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The Duty to Preserve Electronically Stored Information

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The Duty to Preserve Electronically Stored Information

Date: November 19, 2014
The Duty to Preserve Electronically Stored Information | Page 2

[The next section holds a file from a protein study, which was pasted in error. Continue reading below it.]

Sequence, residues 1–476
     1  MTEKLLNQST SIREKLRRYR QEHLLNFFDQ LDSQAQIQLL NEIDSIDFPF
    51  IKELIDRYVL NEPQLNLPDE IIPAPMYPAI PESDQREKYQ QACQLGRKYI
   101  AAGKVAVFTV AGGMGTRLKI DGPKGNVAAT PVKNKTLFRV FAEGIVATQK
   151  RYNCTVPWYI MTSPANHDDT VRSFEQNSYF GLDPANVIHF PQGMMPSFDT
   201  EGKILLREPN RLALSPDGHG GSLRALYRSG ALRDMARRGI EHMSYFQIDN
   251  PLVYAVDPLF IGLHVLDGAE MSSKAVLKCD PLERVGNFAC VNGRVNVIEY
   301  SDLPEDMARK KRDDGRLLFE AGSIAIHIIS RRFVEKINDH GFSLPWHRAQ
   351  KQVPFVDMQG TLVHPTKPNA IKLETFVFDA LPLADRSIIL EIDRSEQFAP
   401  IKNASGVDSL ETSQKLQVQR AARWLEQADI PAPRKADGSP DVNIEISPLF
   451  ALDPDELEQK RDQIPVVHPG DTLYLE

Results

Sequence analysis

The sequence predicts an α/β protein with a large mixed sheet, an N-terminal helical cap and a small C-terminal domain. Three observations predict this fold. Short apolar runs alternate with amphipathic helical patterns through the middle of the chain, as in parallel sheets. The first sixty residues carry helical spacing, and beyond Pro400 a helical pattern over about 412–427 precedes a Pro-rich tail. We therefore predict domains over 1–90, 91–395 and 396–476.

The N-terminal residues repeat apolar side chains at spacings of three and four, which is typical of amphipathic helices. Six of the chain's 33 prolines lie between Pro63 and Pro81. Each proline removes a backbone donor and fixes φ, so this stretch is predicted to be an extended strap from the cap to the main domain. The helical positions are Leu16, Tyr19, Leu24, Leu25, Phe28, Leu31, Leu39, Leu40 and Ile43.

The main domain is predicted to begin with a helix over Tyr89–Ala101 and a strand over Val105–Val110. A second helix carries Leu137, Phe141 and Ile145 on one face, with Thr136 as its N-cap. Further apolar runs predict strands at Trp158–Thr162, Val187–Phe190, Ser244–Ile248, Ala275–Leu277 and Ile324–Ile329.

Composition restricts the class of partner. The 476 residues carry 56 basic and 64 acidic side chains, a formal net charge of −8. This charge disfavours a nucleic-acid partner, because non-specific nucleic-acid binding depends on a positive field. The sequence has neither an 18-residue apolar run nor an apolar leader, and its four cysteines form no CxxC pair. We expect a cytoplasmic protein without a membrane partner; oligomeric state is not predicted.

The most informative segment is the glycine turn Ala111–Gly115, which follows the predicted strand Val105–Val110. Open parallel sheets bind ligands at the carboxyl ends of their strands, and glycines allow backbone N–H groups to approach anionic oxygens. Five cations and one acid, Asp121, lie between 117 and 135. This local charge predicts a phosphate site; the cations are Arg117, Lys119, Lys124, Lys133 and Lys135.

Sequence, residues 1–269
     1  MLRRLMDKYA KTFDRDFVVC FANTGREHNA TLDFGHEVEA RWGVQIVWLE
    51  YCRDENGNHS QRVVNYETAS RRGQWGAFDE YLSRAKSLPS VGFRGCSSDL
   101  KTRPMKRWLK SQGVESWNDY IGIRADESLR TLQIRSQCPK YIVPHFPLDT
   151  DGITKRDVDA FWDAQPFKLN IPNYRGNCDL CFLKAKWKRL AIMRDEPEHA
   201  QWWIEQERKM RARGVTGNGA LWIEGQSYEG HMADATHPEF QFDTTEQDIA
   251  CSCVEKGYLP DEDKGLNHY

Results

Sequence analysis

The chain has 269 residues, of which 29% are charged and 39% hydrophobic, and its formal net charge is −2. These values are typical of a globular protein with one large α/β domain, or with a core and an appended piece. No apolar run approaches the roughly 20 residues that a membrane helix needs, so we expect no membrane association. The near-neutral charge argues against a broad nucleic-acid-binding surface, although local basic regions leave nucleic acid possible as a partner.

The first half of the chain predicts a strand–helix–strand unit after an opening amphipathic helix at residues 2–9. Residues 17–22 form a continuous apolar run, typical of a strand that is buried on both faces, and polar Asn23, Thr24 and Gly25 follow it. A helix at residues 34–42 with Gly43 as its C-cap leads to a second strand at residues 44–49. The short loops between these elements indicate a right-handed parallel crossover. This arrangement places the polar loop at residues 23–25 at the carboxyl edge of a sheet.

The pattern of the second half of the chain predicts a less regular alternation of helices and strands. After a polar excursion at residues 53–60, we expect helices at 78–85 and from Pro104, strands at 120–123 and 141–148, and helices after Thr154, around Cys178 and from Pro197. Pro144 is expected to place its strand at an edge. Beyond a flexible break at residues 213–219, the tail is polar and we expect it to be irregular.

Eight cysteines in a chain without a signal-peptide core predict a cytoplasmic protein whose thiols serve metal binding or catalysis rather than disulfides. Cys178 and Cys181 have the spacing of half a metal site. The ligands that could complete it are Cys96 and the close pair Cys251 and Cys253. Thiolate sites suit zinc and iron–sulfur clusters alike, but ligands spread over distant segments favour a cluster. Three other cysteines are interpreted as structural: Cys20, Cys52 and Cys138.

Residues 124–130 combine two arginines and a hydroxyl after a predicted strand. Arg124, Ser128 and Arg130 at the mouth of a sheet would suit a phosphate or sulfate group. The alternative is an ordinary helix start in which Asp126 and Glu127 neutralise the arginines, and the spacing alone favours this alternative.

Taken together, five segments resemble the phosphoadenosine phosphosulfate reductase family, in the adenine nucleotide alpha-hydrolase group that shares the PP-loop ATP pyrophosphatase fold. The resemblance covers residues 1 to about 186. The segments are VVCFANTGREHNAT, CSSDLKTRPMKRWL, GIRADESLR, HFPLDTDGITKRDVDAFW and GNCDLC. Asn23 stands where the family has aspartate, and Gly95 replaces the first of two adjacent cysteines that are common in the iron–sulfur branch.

The Duty to Preserve Electronically Stored Information As soon as a party is served with a summons and complaint and sometimes sooner, there arises a duty to preserve evidence, including electronically stored information (ESI). This duty requires both counsel and clients to comply with any litigation hold and monitor ongoing compliance efforts. Because spoliation – withholding or hiding evidence – goes to the heart of the litigation process and is not unlike perjury, failing to comply with the duty to preserve has serious consequences. Judges have wide discretion in assessing penalties and may impose fines or attorneys' fees. They may also give a spoliation inference instruction to a jury, as Judge Scheindlin did in Zubulake v. UBS Warburg: "[i]f you find that [defendant] could have produced this evidence, and that the evidence was within its control, and that the evidence would have been material in deciding facts in dispute in this case, you are permitted, but not required, to infer that the evidence would have been unfavorable to [defendant]." Many of Judge Scheindlin's holdings in Zubulake have been cited in dozens of other cases and form the foundation for much of the Federal Rules of Civil Procedure adopted in 2006. Due to the serious consequences of spoliation, counsel and their clients must ensure every effort is made to comply with the duty to preserve. When Does The Preservation Obligation Arise? The duty to preserve arises when there is a reasonable anticipation of litigation, such as upon service of a summons, complaint, or preservation demand letter. In Zubulake, supra, the obligation actually arose much earlier. There the court held that the obligation arose when the plaintiff filed her EEOC complaint 2 months prior to even being terminated. The court noted further that the obligation was probably triggered even four months earlier because "almost everyone associated with Zubulake recognized the possibility that she might sue." Zubulake v. UBS Warburg LLC. Given the wide discretion demonstrated in Zubulake and other cases citing it, counsel are advised to note the trend in the applicable jurisdiction. Before All Else: Understand the Client's Information Systems Structure Given its position as the first phase of any discovery plan and given the serious consequences of a failure to comply with the duty to preserve, it is important to review carefully the discreet steps required to establish a repeatable, defensible process for compliance. The first step for counsel is to make a thorough and comprehensive survey of the client's information technology (IT) systems. At the outset, then, it is critical that IT staff is brought into the picture. IT is generally in the best position to identify relevant repositories through a combination of custodian interviews, feedback, and enterprise search in collaboration with the legal team. IT can perform the required network topology and business process assessment, list key players, preserve in place where appropriate and assist with any other issues associated with putting a preservation repository in place. Counsel must also make a full independent assessment in order to obtain a clear picture of all potential technology issues. This includes the thoughtful selection of team members, including in-house counsel, outside counsel, in-house IT staff, and a point-person or liaison to coordinate all team activities. Whom to Include The next step is to determine who has custody of potentially relevant information. Counsel should look to those with some logical relationship to the allegations in the complaint. Documenting this process and approach is important as the selection of key players will always be subject to scrutiny. While it is important not to omit a key player, it is equally important to restrict the group of individuals to those most likely to have the information requested. Legal Hold Notice Having identified the appropriate custodians, the client must issue a legal hold notice requesting that the custodian take reasonable steps to preserve potentially relevant information. There are several requirements for a legal hold notice: • It must be in everyday English that does not require legal training or background to comprehend. • It must instruct both the individual custodian and the IT staff to suspend any auto-delete or auto-purge policy until the hold notice is lifted. • It should provide examples of potential locations of the information as well as the types of information being sought. • It should explain the potential liability for failure to comply. • It should describe the matter at issue sufficiently to give the reader an idea of the types of information that may be relevant and where such information may reside. The hold notice must be followed by regular reminders, either monthly or quarterly. In addition, an individual should be designated as a go-to person for any questions. The legal hold notice must be accompanied with a request to confirm receipt and full understanding of it, as well as a request to acknowledge willingness to comply through a method that can be tracked (usually email). In addition, the client must maintain a tracking system for all holds across all matters for any single entity. What kinds of Information May be Discoverable Discovery will seek all information that is potentially relevant to the claims and defenses in the action. They would include the following: 1. Email 2. Documents 3. Instant messages 4. Spreadsheets 5. Databases 6. Graphics 7. Audio recordings 8. Video recordings 9. Text messages 10. Voice mails 11. Pictures Where Is the Information Located In addition to work computers, personal computers, servers, smartphones, and tablets, the information may be located on devices or in places requiring special attention. Accessing social media posts might require usernames and passwords. Since posts may be made on sites such as Facebook by someone other than the owner of the page, it must be determined if the evidence is legitimate. There also may be privacy issues to be resolved. Information stored in the cloud deserves special attention to ensure that metadata is preserved and for that the vendor may need to be consulted. Likewise, information stored in the cloud is not necessarily in one location and may exist across an array of hard drives, some of which may be in foreign countries with stricter laws concerning privacy. Back-up tapes, generally deemed inaccessible when used solely for disaster recovery, may in fact be deemed accessible if actively used for information retrieval. Furthermore, even if used only for disaster recovery, if the producing party can identify the location of relevant data on back-up tapes, and it is not otherwise available, an exception may apply requiring the producing party to obtain the information from that back-up tape. Conclusion As the initial step in the implementation of the discovery plan, preservation is absolutely critical. The search for discoverable ESI is limited to the custodians identified in the preservation phase, and the quality and potential responsiveness of the data recovered is only as good as the response of custodians to the legal hold notice. Since information that is not retrieved or that has been deleted for failing to suspend auto-delete functions when required, there is no do-over of the many steps in the preservation phase. Once it is lost, it is lost, and as several of the cases cited have shown, the consequences can be major to both clients and counsel alike.